The Journal of Headache and Pain

Official Journal of the "European Headache Federation" and of "Lifting The Burden - The Global Campaign against Headache"

The Journal of Headache and Pain Cover Image

Volume 16 Supplement 1

1st Joint ANIRCEF-SISC Congress

Open Access

Molecular genotype in migraine

  • Cherubino Di Lorenzo1,
  • Gaetano S Grieco2,
  • Anna Rubegni3 and
  • Filippo M Santorelli3Email author
The Journal of Headache and Pain201516(Suppl 1):A30

Published: 28 September 2015


MigraineExpert PanelMigraine With AuraHeadache DisorderGenetic Contribution

Migraine is an episodic brain disorder with disabling attacks of headache that are associated with nausea, vomiting, and hypersensitivity to light, sound, and smell. According to major criteria of the International Classification of Headache Disorders (ICHD-II) from the International Headache Society (IHS), migraine is divided into two main subtypes that are based on the absence (migraine without aura, MO) or presence (migraine with aura, MA) of an aura. Migraine has a profound effect on wellbeing and general functioning, not only during attacks, but also in terms of work performance, family and social relationships, and, mainly in children, school achievement, thus explaining why the WHO expert panel rates migraine among the most disabling and costly chronic disorders.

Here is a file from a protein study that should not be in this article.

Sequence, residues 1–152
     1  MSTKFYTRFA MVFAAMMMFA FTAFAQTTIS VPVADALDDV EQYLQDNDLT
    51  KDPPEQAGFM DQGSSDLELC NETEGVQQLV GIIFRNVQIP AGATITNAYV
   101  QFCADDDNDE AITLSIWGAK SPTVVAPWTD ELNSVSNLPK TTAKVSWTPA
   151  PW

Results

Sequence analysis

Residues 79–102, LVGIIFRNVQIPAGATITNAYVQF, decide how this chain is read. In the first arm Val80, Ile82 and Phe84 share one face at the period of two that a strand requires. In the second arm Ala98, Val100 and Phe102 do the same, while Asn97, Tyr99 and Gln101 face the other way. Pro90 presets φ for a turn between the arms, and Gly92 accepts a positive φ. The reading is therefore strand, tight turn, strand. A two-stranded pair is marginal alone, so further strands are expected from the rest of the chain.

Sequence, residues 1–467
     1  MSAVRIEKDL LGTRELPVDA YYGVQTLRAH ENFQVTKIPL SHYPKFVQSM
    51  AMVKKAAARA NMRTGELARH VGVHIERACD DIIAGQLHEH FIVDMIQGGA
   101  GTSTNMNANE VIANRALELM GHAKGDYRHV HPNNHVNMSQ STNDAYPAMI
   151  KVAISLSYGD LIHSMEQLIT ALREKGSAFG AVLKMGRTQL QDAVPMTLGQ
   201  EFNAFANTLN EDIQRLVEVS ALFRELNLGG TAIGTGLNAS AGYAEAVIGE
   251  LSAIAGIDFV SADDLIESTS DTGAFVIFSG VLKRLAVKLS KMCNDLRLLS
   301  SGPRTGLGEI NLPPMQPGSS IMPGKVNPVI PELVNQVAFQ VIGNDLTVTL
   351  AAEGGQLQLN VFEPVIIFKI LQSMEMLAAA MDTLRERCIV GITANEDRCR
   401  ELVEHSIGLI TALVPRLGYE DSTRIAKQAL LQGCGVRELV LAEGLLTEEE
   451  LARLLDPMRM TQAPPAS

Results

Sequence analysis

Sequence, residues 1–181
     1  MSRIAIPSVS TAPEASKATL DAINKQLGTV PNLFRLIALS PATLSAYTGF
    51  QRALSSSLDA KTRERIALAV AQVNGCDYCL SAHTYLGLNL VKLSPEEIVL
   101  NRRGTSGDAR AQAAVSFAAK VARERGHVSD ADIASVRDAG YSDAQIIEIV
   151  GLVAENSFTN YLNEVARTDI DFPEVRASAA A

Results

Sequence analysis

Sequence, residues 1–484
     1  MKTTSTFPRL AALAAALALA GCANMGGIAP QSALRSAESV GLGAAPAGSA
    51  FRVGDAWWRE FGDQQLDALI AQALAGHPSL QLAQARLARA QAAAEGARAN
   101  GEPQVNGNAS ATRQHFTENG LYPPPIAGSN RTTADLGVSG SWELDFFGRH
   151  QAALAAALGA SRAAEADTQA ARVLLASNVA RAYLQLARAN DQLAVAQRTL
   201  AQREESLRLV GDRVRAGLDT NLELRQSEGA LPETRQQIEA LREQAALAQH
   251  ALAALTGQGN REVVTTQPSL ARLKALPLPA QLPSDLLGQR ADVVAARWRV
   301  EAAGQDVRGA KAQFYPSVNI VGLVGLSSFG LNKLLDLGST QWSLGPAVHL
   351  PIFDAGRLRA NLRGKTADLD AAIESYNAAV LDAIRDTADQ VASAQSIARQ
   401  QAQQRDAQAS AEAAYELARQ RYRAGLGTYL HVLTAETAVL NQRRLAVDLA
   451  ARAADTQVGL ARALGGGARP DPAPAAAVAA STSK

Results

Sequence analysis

There is a strong genetic component in migraine as evidenced by observations that the disorder runs in families and that about 50% of the patients have close relatives also affected by a similar condition. However, migraine risk is also conferred by environmental factors and epidemiological evidence suggesting a tight gene-environment interaction (endogenous or exogenous), among which several predisposing or triggering factors have been defined.

In the past decades, our growing understanding of the genetic contributions in migraine disorders has been translated in better knowledge of the pathophysiology but needs to grow further and to be translated into more effective treatments. Indeed, several genes involved in syndromic and monogenic forms of migraine have been defined, allowing a significant contribution to the mechanisms generating the attacks, but the timing and specific contribution of secondary hits remain largely unclear.

Authors’ Affiliations

Don Gnocchi Foundation, Milan, Italy
Laboratory of Neurogenetics, C. Mondino National Institute of Neurology Foundation, IRCCS, Pavia, Italy
Molecular Medicine, IRCCS Stella Maris, Pisa, Italy


© Di Lorenzo et al. 2015

This article is published under license to BioMed Central Ltd. This is an Open Access article distributed under the terms of the Creative Commons Attribution License (, which permits unrestricted use, distribution, and reproduction in any medium, provided the original work is properly cited. The Creative Commons Public Domain Dedication waiver ( applies to the data made available in this article, unless otherwise stated.


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